I didn't much like the early hour or wearing a dress on those Easter Sundays.  But even to a child, there was something magical about the music, the organ straining with the sonorous tone of a parent, while the choir, voices freed from parental caution to play quietly, rose up in in a flurry of joy, heartfelt in their gathering volume, assuming the shapes of angels to my small form below. I'd actually  sit still for that, as the their voices faded away into the still air, as clear and delicate as struck glass.

After that it was Sunday as usual. Normally our folks made Sunday a family day of board games and books and music, but hyped up on Easter candy sugar, Mom was willing to forgo that to let us run off a little steam, so we donned our cowboy holsters and six shooters and headed out.  Big Bro gets out the door first and point his firearm at me with a stern  "you'd best get out here you lily livered coward" to which I simply stuck my tongue out at him through the screen.  It tasted like dirt.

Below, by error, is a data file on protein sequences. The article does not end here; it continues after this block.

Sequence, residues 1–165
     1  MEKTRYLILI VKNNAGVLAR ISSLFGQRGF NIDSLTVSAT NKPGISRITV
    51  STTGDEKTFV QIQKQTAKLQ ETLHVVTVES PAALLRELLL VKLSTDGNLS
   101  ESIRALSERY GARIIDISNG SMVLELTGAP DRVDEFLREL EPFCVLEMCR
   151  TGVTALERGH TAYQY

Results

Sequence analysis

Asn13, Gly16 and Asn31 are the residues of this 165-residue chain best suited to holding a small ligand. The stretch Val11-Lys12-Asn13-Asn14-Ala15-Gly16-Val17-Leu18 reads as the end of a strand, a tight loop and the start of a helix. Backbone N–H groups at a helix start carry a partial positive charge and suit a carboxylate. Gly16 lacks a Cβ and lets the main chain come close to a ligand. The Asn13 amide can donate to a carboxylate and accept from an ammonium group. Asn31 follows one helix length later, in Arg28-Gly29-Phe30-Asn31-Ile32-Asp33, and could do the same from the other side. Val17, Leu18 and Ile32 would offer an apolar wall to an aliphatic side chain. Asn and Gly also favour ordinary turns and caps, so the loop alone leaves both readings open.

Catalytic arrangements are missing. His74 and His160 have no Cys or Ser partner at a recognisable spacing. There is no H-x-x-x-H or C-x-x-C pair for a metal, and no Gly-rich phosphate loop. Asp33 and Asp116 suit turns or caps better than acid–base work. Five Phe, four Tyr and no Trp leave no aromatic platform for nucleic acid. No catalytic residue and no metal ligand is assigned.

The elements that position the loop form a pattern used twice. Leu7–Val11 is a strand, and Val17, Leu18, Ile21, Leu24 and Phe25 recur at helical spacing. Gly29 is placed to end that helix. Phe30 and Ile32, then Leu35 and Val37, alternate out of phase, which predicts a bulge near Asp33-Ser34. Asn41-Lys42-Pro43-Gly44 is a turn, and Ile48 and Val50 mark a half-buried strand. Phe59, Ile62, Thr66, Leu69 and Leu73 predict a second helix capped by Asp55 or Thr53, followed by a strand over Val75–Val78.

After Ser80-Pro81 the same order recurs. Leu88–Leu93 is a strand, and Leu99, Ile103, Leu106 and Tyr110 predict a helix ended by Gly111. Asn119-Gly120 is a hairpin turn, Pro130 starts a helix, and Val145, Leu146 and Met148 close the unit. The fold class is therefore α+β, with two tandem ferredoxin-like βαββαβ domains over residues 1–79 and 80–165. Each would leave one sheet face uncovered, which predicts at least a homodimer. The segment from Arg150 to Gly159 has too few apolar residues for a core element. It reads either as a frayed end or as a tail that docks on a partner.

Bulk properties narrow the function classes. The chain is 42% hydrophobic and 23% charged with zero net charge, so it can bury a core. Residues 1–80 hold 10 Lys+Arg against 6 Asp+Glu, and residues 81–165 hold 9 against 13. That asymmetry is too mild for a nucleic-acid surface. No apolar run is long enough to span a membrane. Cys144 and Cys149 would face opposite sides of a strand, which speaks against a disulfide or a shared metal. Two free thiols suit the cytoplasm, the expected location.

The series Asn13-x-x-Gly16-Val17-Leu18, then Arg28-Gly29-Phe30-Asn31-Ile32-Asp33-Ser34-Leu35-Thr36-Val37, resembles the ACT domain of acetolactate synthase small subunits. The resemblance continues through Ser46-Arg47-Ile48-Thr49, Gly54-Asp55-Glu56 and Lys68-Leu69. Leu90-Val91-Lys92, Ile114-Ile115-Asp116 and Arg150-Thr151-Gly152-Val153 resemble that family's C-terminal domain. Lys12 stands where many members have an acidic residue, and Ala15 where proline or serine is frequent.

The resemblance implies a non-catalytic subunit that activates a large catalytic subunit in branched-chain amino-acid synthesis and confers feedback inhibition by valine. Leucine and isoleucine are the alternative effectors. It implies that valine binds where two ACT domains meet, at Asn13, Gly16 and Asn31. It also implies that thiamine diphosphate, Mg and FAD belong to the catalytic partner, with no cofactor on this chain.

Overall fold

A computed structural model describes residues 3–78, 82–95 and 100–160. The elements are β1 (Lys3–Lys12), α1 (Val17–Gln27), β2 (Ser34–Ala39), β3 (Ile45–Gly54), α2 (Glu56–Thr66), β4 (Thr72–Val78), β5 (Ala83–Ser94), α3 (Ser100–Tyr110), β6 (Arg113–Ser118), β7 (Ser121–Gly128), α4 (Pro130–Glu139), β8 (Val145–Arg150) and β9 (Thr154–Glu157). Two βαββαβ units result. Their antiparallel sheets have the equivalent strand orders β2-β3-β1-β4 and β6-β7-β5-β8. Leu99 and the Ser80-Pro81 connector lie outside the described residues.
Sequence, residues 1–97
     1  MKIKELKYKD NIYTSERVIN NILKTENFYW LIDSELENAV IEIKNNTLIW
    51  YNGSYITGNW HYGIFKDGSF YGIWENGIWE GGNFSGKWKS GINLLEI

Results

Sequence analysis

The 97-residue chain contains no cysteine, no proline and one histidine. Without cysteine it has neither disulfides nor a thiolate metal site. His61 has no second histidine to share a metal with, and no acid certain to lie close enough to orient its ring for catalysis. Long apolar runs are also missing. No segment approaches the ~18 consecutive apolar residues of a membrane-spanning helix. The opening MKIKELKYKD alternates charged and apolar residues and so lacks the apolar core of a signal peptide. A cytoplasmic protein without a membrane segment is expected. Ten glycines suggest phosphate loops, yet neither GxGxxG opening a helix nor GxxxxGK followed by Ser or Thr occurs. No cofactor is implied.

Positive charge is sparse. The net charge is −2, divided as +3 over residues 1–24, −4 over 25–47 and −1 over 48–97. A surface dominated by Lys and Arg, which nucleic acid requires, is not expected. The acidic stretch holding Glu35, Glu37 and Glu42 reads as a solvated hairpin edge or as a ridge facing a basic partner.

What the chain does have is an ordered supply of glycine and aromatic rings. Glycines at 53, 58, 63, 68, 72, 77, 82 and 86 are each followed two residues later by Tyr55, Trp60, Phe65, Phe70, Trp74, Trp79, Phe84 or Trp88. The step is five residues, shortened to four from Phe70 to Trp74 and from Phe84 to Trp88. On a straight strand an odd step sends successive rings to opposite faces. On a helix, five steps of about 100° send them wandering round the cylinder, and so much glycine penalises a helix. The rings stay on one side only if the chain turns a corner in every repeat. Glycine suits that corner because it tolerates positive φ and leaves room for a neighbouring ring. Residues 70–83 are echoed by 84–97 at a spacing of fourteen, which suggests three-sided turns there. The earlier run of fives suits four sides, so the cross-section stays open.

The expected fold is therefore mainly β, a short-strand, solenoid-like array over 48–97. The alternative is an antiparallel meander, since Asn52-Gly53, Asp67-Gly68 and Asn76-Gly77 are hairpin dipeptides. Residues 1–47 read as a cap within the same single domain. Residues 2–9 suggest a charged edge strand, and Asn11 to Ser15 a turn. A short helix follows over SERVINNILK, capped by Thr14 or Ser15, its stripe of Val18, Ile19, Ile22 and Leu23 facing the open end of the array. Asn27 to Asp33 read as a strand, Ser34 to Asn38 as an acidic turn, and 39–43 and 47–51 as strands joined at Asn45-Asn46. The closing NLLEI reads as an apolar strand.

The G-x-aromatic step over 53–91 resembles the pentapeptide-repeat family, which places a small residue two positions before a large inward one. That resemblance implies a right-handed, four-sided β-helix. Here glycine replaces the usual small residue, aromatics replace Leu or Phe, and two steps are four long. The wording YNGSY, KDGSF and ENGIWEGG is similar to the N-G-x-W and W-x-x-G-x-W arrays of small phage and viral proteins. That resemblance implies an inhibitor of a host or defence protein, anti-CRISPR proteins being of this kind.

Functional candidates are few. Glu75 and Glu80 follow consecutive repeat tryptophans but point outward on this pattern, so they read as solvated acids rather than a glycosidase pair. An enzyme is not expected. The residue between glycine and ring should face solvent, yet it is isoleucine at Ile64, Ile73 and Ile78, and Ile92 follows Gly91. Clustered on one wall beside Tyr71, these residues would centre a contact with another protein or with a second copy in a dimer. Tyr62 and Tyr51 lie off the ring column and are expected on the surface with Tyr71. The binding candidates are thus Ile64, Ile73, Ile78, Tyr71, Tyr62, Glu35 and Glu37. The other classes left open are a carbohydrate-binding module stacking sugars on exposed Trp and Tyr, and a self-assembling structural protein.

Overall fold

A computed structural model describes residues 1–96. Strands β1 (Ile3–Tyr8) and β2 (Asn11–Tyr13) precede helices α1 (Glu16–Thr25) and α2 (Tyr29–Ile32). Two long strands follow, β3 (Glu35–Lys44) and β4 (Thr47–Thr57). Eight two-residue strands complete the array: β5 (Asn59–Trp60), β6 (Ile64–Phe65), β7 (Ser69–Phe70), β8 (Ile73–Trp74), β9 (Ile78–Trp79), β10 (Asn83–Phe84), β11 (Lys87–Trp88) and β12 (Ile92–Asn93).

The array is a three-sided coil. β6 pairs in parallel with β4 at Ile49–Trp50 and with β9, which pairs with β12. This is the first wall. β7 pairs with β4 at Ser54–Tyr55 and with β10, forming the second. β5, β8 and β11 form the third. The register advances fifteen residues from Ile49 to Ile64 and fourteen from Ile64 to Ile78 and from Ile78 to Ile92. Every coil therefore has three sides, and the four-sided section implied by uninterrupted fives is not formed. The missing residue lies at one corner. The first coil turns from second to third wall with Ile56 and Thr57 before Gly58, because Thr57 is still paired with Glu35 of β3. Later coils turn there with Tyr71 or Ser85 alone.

He didn't look at all scared.

But somehow the play always evolved into us being on the same side even if all we had to be the "bad guy" was the neighbor's cat or a menacing shrub. I took more than one "bullet" for my big brother, even if I could barely keep up with him on my little legs. More than one knee was bloodied in my battle to save him. the scabs a Bactine infused mark of my sacrifice.

But it's hard for kids as they grow up, to keep the cohesion we had living in the same house. We are bound together by family, but often scattered by distance, dealing with our own tragedies, things much worse than a failed model contest, keeping it in and not saying much. But, as it is inevitable, we did grow up, he leaving for Submarine Service when I was still in school